I would love traditional ways of financing and they have not looked my way (laughs). When I had written Mithya, and Raghu Romeo, in 1998, I went to everybody with the scripts, but nobody wanted them. Meanwhile my acting career took off. I did Dil Chahta Hai (2001). I started getting a little money, started saving some. By 2003, I had Rs 15 lakh. I said, “F*** it, I will make this film somehow”. The total budget of Raghu Romeo was Rs 80 lakh. Rs 40 lakh came from NFDC [National Film Development Corporation], Rs 15 lakh was mine, Rs 25 lakh was crowdfunding. I was writing emails to my friends, “Buy shares in my film.” They sent it to other people.
It was an early form of crowdfunding.
Yeah. It was probably the first time anybody did it. Out of desperation, man. It’s the film that pushes you to make it. It’s not the other way around.
This is the more frustrating part, not the creative process.
It is. This and then releasing the film is the only frustrating part. These are the two big blocks. You can’t get money to make a film. And when you make the film, that one year in between, it’s pure joy. Then again when you have to release the film, again it’s a block — nobody wants it. But I am not bitter about it. It is how it is. You want to make films like this, this will happen to you.
Has it changed?
It hasn’t changed at all. OTTs have their own agenda and ambitions and their own idea of what will work and what won’t work.
When you started making feature films, you were making what used to be called ‘multiplex films’.
Those five years, 2004 onwards, were golden years for us… Mixed Doubles, Bheja Fry (2007), Mithya. Some of them were big successes. And then with the 2009 recession, it just disappeared. What happened after that was that these big Bollywood films like Wanted started coming. They said, “Boss, we will come out with 3,500 prints, take the entire multiplex space”. So our space got washed out, then nobody wanted us. Aankhon Dekhi was a nightmare to release. We got 40 shows in the whole country. It was pathetic.
It did find an afterlife online.
It did, it did. I have got so much love for Aankhon Dekhi, I can’t tell you. Everyday I meet someone who tells me, “Sir, thank you for making that film”. It’s really beautiful. But I remember being depressed that Friday. I remember going to Citi Mall, PVR, and when the show got over, there were 25 people. Then it picked up. But the life it actually got was on Netflix. So that’s the good thing about OTTs, that a film is not out after three weeks.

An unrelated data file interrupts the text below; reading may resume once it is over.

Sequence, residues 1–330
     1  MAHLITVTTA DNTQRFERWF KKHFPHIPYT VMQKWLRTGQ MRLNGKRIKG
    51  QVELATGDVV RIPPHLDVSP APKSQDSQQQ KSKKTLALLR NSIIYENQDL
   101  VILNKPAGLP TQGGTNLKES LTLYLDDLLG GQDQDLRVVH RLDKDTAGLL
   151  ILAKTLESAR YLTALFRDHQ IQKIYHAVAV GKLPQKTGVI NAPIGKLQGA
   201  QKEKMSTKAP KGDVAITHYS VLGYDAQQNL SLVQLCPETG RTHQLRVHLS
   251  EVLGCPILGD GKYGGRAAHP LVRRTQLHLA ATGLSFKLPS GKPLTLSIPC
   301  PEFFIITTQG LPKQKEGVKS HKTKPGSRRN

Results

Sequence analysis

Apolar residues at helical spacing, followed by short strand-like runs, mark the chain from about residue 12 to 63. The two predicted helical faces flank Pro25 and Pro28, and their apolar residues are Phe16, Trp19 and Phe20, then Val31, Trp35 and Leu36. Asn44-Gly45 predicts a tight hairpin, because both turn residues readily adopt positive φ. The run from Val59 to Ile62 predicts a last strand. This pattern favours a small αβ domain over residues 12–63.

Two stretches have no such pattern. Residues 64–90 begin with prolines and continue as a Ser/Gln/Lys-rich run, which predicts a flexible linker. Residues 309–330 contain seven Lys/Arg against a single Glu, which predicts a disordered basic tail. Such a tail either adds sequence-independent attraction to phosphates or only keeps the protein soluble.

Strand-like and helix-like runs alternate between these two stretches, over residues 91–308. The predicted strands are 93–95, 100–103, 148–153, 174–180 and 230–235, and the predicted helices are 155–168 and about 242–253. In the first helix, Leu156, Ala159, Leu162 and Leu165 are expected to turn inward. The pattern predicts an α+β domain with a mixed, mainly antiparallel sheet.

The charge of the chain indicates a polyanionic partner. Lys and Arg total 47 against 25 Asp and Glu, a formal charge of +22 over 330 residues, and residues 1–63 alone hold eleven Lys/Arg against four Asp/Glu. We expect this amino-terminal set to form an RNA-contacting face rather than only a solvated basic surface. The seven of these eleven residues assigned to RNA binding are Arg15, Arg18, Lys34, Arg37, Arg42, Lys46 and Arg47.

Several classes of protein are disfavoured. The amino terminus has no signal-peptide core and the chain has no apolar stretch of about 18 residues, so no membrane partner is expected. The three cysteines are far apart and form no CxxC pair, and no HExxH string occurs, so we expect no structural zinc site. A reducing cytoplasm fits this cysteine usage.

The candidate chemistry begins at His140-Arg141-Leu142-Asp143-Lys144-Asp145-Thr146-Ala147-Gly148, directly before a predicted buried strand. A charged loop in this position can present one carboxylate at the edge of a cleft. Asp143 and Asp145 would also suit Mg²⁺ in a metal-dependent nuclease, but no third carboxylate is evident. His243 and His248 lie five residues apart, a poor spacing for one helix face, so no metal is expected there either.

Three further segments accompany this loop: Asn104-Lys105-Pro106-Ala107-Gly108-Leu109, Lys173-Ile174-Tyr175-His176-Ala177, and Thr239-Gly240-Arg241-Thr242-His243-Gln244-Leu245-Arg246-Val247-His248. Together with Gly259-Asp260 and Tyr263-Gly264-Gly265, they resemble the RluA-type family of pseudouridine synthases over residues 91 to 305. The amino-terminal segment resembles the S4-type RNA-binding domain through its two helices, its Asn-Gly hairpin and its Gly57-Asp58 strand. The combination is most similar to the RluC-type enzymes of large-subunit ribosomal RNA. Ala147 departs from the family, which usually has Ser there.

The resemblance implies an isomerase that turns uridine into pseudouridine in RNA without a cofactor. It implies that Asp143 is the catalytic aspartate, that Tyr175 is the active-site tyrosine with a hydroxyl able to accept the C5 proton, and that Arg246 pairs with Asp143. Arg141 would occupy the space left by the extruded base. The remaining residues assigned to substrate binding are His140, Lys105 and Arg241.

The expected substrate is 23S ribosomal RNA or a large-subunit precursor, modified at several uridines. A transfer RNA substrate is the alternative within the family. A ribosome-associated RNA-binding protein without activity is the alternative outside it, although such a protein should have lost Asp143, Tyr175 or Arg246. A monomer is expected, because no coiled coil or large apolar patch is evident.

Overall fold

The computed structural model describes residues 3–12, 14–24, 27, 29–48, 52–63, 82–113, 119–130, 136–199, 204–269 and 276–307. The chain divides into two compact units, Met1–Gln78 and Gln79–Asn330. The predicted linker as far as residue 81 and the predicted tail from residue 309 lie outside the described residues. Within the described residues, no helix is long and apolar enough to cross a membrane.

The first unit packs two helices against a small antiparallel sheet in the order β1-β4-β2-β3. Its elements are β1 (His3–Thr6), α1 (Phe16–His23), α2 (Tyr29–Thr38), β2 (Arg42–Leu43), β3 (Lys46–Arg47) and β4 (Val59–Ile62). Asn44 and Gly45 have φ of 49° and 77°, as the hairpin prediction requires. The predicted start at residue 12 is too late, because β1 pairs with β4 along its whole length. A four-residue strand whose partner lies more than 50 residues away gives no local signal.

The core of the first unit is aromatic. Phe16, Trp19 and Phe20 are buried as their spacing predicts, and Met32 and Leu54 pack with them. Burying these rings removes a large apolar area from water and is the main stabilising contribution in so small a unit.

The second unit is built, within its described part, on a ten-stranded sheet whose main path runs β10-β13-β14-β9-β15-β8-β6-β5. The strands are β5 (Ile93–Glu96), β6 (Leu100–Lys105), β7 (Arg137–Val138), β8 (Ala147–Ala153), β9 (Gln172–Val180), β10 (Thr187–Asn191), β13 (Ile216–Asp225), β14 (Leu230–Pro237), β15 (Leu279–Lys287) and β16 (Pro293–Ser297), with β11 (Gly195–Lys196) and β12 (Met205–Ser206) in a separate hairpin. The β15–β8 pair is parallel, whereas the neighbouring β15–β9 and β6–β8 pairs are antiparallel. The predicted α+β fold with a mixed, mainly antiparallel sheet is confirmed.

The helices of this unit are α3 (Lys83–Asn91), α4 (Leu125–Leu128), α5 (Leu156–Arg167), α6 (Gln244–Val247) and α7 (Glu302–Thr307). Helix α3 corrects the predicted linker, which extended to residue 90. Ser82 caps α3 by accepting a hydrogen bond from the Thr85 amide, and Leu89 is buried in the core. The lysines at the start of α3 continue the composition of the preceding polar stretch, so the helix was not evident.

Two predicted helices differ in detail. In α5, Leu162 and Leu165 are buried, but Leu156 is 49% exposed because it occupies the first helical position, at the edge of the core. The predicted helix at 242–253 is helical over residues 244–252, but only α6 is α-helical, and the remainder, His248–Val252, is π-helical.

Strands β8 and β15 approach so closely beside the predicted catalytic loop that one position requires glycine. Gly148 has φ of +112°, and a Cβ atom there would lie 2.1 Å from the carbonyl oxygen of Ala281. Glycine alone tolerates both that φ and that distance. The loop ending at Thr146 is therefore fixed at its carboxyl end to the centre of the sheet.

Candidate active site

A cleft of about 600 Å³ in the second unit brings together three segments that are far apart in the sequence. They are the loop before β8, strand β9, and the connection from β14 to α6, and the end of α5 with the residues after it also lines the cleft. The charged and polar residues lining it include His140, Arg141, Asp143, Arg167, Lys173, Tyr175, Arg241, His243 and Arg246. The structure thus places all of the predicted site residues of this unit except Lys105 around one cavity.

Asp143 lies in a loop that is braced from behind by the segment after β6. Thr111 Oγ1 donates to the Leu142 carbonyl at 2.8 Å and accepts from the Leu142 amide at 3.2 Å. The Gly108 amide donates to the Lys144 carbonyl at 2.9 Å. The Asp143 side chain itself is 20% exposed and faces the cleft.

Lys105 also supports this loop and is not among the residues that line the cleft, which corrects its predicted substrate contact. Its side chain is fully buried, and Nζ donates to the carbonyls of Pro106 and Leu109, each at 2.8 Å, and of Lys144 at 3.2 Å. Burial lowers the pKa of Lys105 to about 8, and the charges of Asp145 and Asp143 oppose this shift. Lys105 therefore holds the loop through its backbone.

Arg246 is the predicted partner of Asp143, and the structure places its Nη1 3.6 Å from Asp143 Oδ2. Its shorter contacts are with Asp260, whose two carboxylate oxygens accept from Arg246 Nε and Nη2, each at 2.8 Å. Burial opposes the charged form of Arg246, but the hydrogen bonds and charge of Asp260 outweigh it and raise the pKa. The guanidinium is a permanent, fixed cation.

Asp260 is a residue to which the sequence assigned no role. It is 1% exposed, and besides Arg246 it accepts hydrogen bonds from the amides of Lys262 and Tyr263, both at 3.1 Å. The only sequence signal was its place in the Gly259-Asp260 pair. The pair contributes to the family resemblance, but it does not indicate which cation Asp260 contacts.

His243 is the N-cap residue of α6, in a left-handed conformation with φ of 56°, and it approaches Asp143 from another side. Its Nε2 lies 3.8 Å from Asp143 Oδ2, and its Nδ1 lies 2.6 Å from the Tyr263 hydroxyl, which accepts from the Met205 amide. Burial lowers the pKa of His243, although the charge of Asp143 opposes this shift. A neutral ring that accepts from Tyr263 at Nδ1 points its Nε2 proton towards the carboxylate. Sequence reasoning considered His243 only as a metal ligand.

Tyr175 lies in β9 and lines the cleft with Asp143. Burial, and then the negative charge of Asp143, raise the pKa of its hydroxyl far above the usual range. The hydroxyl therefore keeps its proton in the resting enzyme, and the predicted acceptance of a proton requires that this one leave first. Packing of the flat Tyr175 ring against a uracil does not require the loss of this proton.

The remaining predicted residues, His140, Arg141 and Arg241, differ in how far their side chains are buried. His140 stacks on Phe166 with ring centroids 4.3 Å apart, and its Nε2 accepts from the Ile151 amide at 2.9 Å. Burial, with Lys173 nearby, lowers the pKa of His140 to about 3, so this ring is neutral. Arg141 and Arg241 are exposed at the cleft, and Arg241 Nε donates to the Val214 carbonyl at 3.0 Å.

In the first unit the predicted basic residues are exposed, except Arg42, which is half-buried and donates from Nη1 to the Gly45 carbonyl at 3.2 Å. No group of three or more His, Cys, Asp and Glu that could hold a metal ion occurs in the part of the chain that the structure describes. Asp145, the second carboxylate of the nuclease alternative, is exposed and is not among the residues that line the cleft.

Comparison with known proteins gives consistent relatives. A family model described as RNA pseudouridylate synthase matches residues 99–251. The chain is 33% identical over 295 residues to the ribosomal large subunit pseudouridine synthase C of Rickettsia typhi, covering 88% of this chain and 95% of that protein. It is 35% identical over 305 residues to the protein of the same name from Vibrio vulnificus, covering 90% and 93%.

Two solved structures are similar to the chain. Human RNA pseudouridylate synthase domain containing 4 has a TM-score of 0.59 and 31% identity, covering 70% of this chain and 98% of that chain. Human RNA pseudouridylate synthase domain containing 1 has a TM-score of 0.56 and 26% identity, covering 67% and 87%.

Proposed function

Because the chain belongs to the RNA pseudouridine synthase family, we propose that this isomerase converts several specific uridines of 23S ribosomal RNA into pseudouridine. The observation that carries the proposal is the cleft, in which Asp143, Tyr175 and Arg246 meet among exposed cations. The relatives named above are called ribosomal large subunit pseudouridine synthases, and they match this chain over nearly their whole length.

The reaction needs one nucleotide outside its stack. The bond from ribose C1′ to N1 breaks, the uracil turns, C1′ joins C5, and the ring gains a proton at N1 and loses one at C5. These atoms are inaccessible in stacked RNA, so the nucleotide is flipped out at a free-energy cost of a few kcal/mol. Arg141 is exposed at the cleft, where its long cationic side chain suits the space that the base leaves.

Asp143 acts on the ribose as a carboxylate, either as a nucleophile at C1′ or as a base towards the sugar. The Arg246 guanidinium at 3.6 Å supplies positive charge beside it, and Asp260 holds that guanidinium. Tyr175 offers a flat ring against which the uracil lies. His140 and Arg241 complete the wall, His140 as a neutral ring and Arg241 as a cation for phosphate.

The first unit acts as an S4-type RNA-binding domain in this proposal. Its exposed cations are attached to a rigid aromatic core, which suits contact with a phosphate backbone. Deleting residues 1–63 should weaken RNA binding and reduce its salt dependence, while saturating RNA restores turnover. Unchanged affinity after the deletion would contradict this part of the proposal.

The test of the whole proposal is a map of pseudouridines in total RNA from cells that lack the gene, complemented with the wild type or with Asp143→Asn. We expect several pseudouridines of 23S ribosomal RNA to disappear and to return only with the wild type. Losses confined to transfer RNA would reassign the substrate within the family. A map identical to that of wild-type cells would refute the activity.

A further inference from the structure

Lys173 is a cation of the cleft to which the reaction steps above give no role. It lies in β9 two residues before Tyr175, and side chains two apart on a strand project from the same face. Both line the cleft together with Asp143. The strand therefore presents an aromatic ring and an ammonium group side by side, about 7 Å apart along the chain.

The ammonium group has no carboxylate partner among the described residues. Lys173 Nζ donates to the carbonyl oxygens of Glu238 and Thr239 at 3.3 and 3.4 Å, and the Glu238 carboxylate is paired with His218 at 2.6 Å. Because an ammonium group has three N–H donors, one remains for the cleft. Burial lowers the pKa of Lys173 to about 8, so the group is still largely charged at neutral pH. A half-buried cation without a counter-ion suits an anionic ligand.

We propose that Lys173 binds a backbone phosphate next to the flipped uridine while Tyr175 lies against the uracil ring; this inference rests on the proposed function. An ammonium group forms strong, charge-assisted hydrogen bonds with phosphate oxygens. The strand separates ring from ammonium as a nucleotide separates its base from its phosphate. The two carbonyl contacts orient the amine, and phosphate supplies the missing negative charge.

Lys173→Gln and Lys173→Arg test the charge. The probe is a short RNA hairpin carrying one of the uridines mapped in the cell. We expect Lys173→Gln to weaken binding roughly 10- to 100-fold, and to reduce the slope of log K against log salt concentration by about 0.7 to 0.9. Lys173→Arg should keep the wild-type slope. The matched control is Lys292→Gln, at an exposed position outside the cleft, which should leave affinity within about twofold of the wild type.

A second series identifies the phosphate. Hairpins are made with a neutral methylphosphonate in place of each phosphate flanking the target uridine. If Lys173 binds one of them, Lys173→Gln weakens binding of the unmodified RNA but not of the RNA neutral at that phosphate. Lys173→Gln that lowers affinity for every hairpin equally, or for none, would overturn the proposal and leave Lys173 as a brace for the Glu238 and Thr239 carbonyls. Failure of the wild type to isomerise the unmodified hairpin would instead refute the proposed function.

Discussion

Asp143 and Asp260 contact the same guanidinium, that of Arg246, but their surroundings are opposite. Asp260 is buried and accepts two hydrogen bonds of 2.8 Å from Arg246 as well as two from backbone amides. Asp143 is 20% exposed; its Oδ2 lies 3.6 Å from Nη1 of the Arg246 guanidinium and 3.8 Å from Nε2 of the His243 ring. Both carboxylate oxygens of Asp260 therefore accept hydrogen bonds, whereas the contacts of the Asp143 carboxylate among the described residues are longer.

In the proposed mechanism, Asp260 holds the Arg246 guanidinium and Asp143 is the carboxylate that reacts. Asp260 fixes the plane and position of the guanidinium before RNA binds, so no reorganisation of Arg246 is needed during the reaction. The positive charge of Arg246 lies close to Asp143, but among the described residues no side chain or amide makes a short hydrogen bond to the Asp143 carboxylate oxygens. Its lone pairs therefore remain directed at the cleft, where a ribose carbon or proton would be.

As an actor, which are some of the characters you’ve enjoyed playing the most?
I enjoy my performance in Aankhon Dekhi. There’s a film called Mantra, I don’t know if you’ve seen it. My performance is very good in that film. Baaki I am okay.
I don’t count myself as an actor at all. I studied filmmaking in FTII [Film and Television Institute of India], assisted for three years in Bombay. I made my first film in 1995, which never got released, called Private Detective: Two Plus Two Plus One (1997) with Naseeruddin Shah. Before that I made a short film Tarana (1995), which got the National award, but these films are never seen. Raghu Romeo was my first released film. I was always a filmmaker. I assisted Mani Kaul and Kumar Shahani for three years. Acting just happened to me. Thoda paisa mil jaata hai, that’s it.
I have done a few web series in the last couple of years I have enjoyed working on, which have not released. I play a terrorist, Bhaijaan, in this show called Radicals who is getting three young terrorists to attack Bombay. They are on their way and the trains are stopped when they are told that there have been terrorist attacks in Bombay. Very funny. There’s one called Pirates by Jai Mehta.
I didn’t do much in Scam, but it was fun working with Hansal [Mehta]. He was very sweet, very gentle, and gave me a free hand. I think people liked the character because they saw me using bad language. Even though the role in Gehraiyaan was nothing, I enjoyed working in it because I love Shakun Batra very much.
How did you get interested in films? Did you grow up in Delhi watching regular Hindi cinema?
Yes, but my father was a big film buff. Every year the National award-winning films are shown in Delhi in Vigyaan Bhavan. I remember in 1974 — I was 13 years old — watching Mani Kaul’s Duvidha (1973) with him. My dad was not an ordinary film buff; he was slightly special. Woh bacche ko le ja raha hai Duvidha dekhne (He was taking a kid to see Duvidha)! So that must have had an influence on me. By the age of 16, I was certain I was going to make films.
When my father met Mani while I was assisting him, he told him, “Yeh toh bohut baad mein aapke fan huye, main toh bohut pehle se fan hoon,” and I was super embarrassed. Have you seen Duvidha? I revisited it three-four years back on a flight and I was like “Oh, the sound design of that film is incredible”.
Do you consider Mani Kaul your guru?
Mani and Kumar Shahani both, in equal terms. Ankhon Dekhi is dedicated to both. I’ve learnt everything, everything, from the two guys. The first film I made, Private Detective, is a completely Kumar Shahani film. I mean, it’s a noir thriller, but in my head I was Kumar Shahani’s chela. So it’s heavily influenced by Kumar, not in a good way. I think in Raghu Romeo I started to find my own voice: Who am I? What do I want to do?